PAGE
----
If your dog is heading towards something that they want but you know they shouldn’t have, don’t chase or get angry with them. At best they’ll think it’s a fun game and they’ll just make sure to move quicker next time.
If you haven’t got a good “leave” yet you can try a recall instead, if they have managed to get hold of something a drop may be more appropriate. If you don’t think your dog will respond to these try to distract your dog by making yourself more interesting. Run in the other direction, throw treats on the ground, anything to get their attention on you.
If your dog does leave something really exciting out on a walk, like food or wildlife, they deserve a similarly exciting reward. Unlike a recall, the goal of leave isn’t for your dog to always come back to you, so this means you have more options for toy or game rewards. Try and do something your dog loves!
In this guide a “leave” refers to asking a dog to stop moving towards something you don’t want them to have. This is different to a “drop” which you would use once your dog already has something in their mouth.
Training a leave is useful for:
- When your dog is heading towards something you don’t want them to have
- Building your dog’s self-control
You can start training a leave anywhere as long as you have both your hands free (you can adapt this to using your foot, but hands are easier), so you can even do it sitting on the sofa.
In one hand – the “bait” hand – you will have something that your dog wants but isn’t going to get. You then need a second type of reward that they will get. It is easiest to use food to train a leave, but you could use a toy for your reward if your dog is more motivated by toys. The most important thing is that the “bait” is small enough that you can close your hand fully around it. To start with use something fairly boring, like some dry food, and have a nice, tasty treat for the reward.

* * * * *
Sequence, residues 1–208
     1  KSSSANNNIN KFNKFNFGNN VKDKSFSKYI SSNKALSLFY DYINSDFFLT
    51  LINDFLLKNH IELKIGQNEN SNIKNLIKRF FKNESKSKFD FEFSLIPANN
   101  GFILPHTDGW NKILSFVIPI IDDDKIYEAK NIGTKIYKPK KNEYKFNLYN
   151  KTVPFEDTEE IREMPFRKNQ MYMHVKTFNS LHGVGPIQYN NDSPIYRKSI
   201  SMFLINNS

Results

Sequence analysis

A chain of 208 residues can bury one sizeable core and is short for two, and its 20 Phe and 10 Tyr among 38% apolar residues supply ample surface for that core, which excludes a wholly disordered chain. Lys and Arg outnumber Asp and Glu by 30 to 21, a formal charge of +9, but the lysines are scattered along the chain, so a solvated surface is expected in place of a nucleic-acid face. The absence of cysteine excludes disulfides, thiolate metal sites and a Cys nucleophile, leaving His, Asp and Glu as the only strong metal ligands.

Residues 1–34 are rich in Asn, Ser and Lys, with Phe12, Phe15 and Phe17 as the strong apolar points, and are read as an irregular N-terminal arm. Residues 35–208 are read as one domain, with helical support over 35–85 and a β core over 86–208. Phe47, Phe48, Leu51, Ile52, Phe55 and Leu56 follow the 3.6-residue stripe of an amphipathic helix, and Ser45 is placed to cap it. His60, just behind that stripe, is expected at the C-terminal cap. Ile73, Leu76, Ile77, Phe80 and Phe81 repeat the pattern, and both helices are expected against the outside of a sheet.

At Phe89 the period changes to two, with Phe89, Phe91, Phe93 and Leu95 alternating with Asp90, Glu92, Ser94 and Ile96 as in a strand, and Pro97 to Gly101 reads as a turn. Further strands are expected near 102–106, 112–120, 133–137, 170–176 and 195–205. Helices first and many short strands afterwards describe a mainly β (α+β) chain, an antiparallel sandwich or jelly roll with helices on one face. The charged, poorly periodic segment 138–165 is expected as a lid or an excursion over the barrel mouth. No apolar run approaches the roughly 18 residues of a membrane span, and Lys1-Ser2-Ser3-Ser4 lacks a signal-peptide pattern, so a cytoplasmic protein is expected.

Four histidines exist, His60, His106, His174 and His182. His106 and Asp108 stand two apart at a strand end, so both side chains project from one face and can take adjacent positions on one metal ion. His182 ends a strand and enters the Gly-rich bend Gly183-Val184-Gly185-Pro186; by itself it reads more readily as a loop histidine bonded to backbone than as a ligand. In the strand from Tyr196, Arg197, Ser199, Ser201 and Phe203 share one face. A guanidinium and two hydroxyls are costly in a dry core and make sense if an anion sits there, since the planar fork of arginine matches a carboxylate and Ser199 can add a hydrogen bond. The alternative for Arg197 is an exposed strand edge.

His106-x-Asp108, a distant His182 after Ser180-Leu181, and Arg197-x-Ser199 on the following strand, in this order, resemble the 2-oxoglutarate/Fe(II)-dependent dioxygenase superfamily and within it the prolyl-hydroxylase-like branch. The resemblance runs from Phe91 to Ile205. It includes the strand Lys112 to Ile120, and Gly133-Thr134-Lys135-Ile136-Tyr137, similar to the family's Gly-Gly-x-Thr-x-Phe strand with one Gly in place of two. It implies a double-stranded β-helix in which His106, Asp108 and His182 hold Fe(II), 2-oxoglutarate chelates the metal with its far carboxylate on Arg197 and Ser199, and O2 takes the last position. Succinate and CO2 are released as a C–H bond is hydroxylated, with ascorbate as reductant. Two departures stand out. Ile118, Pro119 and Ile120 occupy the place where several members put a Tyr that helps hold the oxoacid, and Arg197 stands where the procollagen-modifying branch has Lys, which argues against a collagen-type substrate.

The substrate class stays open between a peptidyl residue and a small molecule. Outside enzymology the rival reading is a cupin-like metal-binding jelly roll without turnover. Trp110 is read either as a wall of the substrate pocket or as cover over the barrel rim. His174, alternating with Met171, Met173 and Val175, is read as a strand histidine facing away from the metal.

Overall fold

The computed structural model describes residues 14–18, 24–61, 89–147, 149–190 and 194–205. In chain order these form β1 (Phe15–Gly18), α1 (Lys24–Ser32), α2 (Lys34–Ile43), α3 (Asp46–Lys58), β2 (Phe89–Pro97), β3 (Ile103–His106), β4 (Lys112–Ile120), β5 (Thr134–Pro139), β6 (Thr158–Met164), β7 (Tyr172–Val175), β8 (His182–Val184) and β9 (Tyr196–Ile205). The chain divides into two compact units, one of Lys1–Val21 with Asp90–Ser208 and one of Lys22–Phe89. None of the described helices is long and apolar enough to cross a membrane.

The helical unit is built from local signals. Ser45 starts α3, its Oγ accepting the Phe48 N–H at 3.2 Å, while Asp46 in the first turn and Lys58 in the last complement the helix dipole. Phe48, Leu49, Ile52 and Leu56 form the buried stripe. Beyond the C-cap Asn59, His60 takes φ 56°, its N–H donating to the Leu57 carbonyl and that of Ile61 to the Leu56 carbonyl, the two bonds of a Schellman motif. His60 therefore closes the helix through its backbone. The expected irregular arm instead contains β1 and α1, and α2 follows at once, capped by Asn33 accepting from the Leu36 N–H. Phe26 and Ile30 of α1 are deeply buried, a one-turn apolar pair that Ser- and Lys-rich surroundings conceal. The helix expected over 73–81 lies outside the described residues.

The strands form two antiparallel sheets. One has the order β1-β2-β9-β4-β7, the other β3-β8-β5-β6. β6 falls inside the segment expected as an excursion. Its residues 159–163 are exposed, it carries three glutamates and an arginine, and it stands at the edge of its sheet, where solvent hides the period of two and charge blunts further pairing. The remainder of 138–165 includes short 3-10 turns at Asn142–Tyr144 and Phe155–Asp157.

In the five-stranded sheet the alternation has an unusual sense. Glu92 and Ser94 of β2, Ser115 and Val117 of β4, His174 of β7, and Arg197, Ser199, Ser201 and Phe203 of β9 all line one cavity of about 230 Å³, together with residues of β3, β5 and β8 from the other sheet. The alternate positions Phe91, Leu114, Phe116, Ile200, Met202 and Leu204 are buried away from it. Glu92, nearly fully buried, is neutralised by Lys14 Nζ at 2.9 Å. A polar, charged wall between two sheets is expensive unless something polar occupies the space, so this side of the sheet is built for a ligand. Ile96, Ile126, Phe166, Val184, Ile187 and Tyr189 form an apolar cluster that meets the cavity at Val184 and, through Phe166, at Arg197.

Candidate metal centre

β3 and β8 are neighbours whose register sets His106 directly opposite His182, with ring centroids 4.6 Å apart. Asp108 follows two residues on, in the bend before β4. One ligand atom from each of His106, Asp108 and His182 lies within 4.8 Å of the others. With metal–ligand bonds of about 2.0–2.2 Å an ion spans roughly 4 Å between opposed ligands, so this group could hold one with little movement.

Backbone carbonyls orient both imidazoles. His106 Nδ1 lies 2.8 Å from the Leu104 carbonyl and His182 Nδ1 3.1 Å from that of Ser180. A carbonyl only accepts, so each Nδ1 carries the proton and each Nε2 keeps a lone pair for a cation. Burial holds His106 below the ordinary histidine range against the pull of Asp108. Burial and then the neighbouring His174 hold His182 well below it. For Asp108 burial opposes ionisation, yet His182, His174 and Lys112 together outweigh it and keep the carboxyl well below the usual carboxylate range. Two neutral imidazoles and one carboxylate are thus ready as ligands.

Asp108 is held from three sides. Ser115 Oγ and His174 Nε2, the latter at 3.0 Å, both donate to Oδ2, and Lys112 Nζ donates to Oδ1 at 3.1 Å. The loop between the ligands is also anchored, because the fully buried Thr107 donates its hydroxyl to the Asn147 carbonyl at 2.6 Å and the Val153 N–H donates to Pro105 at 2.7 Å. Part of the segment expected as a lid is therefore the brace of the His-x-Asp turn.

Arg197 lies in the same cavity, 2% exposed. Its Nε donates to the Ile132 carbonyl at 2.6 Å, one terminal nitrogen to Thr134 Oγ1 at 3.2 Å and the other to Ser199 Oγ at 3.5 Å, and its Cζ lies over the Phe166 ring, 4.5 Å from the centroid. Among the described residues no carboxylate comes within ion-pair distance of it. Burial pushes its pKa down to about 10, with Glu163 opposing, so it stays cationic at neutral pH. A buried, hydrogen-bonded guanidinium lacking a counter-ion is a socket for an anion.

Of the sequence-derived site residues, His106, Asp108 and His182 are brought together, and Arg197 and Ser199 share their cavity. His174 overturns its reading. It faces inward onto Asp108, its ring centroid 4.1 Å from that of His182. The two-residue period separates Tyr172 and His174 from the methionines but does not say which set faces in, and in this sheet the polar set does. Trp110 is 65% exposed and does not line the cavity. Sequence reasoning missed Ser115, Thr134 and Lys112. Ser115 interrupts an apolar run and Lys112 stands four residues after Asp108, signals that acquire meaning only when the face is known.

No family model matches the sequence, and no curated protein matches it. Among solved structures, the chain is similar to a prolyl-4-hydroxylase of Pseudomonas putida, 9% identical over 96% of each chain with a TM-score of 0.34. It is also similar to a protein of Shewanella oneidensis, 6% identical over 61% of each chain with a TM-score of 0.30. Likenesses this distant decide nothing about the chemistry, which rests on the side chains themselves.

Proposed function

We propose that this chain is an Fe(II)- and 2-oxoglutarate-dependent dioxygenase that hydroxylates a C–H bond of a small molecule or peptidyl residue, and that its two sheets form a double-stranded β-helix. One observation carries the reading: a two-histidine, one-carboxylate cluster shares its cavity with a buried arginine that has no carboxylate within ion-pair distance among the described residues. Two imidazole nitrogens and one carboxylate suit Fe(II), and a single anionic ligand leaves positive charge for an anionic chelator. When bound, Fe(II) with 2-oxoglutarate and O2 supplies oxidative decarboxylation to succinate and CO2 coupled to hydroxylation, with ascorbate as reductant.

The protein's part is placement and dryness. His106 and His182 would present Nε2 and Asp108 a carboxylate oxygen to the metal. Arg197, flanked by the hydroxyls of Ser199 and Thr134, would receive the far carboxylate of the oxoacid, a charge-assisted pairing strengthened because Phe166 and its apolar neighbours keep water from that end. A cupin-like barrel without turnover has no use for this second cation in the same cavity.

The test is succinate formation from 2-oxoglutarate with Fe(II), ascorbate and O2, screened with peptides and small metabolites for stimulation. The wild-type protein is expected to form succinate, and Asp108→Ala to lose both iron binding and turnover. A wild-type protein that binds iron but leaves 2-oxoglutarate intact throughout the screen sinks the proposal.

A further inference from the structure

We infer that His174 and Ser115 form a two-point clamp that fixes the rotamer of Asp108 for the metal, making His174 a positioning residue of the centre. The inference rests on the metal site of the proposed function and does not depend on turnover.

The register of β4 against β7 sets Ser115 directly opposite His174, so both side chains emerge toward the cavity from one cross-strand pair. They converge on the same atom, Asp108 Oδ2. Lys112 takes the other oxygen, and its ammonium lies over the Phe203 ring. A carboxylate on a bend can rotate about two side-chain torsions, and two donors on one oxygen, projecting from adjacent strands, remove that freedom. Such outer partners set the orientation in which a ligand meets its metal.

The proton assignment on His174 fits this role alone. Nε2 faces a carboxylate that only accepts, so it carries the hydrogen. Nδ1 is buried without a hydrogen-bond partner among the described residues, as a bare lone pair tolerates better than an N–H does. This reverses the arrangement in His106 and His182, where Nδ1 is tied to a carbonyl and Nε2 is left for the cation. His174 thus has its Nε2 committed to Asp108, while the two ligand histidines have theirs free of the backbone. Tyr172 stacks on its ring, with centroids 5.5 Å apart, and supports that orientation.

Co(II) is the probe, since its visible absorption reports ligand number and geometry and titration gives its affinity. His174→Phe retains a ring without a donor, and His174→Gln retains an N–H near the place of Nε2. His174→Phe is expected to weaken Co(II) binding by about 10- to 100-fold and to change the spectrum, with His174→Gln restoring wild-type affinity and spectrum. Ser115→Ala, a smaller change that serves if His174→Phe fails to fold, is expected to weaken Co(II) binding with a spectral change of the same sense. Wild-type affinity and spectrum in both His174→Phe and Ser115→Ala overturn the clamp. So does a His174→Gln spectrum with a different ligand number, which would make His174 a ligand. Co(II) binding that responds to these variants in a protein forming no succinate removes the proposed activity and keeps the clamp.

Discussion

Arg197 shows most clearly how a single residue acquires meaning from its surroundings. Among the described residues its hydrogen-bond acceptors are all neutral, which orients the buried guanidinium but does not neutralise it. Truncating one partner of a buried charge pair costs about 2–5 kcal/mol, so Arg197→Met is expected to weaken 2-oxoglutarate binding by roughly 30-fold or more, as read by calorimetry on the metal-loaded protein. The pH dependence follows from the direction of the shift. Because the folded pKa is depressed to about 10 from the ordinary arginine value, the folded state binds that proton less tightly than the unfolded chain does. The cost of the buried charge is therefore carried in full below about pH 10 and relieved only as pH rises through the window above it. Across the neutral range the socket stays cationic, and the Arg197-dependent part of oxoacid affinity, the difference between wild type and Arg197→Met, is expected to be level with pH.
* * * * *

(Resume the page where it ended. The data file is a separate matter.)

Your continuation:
Show your dog the piece of food in your open hand being ready to close your hand as soon as they move towards it.
Allow them to sniff your closed hand if they choose to and as soon as they pause or move away even slightly say good and reward them, moving the closed hand away.
Keep repeating this step and your dog should start to ignore the open hand, waiting for the treat instead.
Start attaching your cue once your dog is reliably ignoring the bait hand, when you open your hand say “leave” and then reward as usual.
Increase the difficulty by keeping your hand open for longer before rewarding, then by putting the food on the floor or somewhere both you and your dog can reach so it is tempting but you can cover it as soon as they move towards it.
Once your dog is reliably leaving the more boring bait food, you can start using slightly more tempting foods and practice with this as well. Be ready to take it back a couple of steps as your dog may well find this more difficult!
You can now start practising out on walks, setting up a few easy practise goes and then trying it out for real. Make sure you give your dog some really big, high value rewards when they do a successful leave as this is a hard thing for most dogs.